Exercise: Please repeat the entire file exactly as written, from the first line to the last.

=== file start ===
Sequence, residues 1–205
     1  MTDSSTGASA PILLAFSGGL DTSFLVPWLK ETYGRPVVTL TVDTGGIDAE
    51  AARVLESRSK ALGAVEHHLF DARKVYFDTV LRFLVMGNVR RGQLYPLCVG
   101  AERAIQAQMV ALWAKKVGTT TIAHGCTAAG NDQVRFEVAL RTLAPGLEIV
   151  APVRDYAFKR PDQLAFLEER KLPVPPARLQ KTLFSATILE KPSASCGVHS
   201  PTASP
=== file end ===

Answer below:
Sequence, residues 1–205
     1  MTDSSTGASA PILLAFSGGL DTSFLVPWLK ETYGRPVVTL TVDTGGIDAE
    51  AARVLESRSK ALGAVEHHLF DARKVYFDTV LRFLVMGNVR RGQLYPLCVG
   101  AERAIQAQMV ALWAKKVGTT TIAHGCTAAG NDQVRFEVAL RTLAPGLEIV
   151  APVRDYAFKR PDQLAFLEER KLPVPPARLQ KTLFSATILE KPSASCGVHS
   201  PTASP